The year is 1801, two decades after the Mutiny On The Bounty. Vice-Admiral Horatio Nelson engages the tenacious Danish fleet to prevent Scandinavia succumbing to the influence of the French.
The Vice-Admiral penetrates the Danish blockade at Copenhagen, picking through the treacherous shoals along the harbour inlet. Already three of his 12-strong squadron have run aground and are out of action.
The hidden Danish batteries begin unleashing their firepower. In the melee and chaos, there is little room for manoeuvre.
Nelson’s commanding officer, Admiral Hyde Parker, watches from afar, his flagship held back by the threat of shallow waters. He can see little through the smoke but what he does see is alarming. Signals of distress from the three stricken vessels. Parker, unsure of Nelson’s fate, runs up the “43” – stop the battle!
Where Parker is cautious, Nelson is cavalier. He acknowledges the signal but famously ignores the command, keeping the “16” hoisted high for all to see – continue the engagement.
“I only have one eye I have the right to be blind sometimes,” he tells his flag captain Thomas Foley aboard HMS Elephant. Holding his telescope to his blind eye, he says: “I really do not see the signal.”
Another ship of his squadron, HMS Amazon, obeys Parker’s instruction and Captain Edward Riou withdraws. Nelson’s numbers dwindle. The captain of the Glatton is the only person left to see both conflicting signals. He has to decide if he is willing to disobey his commanding officer and run with the Vice-Admiral.
He picks his fateful course of action. He flies Nelson’s signal and keeps the ships about him fighting, earning praise from the great man himself for his contribution to the victory that follows.
The Glatton’s rebellious captain is 54-year-old William Bligh, a man who, ironically, has become synonymous with unyielding naval authority.
A luckless man
History has been cruel to an exceptional navigator and seaman who sailed with both Captain James Cook and Admiral Nelson during a career that saw him rise to Vice-Admiral and Governor of New South Wales.
Yes, Bligh was, according to contemporary reports, thin-skinned and he was a strict disciplinarian, although not more so than any of his contemporaries. He was prone to dark moods and flashes of temper, but perhaps his greatest flaw was lucklessness.
The Mutiny On The Bounty was not even the only mutiny he encountered in his career. In 1797, he was one of the captains whose crews rebelled over “pay and involuntary service” during the Nore rebellions that infected the whole of the Navy.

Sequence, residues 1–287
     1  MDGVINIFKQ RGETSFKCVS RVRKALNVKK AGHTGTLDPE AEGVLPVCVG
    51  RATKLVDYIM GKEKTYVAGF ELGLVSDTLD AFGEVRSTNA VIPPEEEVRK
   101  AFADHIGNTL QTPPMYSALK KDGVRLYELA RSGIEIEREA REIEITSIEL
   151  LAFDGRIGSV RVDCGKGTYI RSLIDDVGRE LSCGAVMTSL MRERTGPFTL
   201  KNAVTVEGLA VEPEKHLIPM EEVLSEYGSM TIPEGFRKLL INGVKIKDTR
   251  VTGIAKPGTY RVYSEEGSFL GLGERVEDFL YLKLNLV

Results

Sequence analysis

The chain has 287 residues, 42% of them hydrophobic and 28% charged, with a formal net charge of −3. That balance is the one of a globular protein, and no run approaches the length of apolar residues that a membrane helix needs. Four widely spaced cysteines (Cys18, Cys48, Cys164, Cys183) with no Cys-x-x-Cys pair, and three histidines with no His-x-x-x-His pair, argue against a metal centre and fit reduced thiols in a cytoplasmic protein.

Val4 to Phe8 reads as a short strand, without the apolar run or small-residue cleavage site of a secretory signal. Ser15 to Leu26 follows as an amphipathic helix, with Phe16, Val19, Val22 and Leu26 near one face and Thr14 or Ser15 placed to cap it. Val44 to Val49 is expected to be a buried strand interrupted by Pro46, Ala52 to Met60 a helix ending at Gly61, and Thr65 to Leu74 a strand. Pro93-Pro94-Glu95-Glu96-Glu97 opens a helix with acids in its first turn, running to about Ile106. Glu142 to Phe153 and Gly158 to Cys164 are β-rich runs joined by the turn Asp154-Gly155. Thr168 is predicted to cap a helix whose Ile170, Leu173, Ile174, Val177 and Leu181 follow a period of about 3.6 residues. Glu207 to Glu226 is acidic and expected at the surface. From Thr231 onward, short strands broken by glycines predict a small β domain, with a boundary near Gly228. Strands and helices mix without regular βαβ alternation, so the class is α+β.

And while Governor of New South Wales he clamped down on private trading ventures by soldiers and civil servants only to see those he thwarted rise up in the Rum Rebellion of 1808 when 400 soldiers marched on Government House, Sydney, to overthrow his regime. With nowhere to go he was effectively imprisoned on HMS Porpoise off the coast of Tasmania for two years.
The miraculous delivery
It was not the first time he found himself adrift, floating on uncertain seas and the victim of opprobrium. On April 28, 1789, after a bloodless coup, the then 35-year-old and 18 loyal crewmen were deposited in a 7m cutter with four cutlasses, food and water, a quadrant and a compass and no charts. Effectively they were being sent to their deaths.
Yet, in this vessel Bligh undertook a near-miraculous 3,618-mile voyage, reaching Timor in 47 days, losing only one crewmen, who was killed by hostile natives in Tofua. He was able to return to Britain, where he was feted as a hero, cleared by a court martial and able to resume his career.
The 25 left behind, comprising mutineers and those loyal to Bligh who could not fit in the boat, settled on Tahiti or on Pitcairn Island.
Soon many would be dead, killed by each other or by locals or caught by the British authorities, brought home to be tried.
It was the idyllic and soporific life on the Polynesian Islands that was the root cause of the mutiny, according to historians. The inexperienced crew had been laid up in this paradise for five months, enjoying the sexual freedom and idleness that the islands offered.
In contrast, life aboard the Bounty must have seemed like damnation itself. Bligh was not an usually cruel leader. He ordered men flogged when the usual penalty was hanging and the level of flogging was below the norm for the Royal Navy. He had kept his crew healthy when life at sea was a constant diet of deprivation and hazard, and he had kept their ship intact through the terrible storms of the Cape Horn.
Only a quarter of them opposed the captain but for many the pull of the easy life of sexual liberation was sufficient to cast aside their grim naval existence.
Fletcher Christian, a weak 24-year-old man, was Bligh’s friend but had become the target of his irascible moods to the extent that he considered deserting on his own before taking soundings from shipmates about a wider mutiny plot. The breaking point was the theft of coconuts, for which Bligh blamed Christian.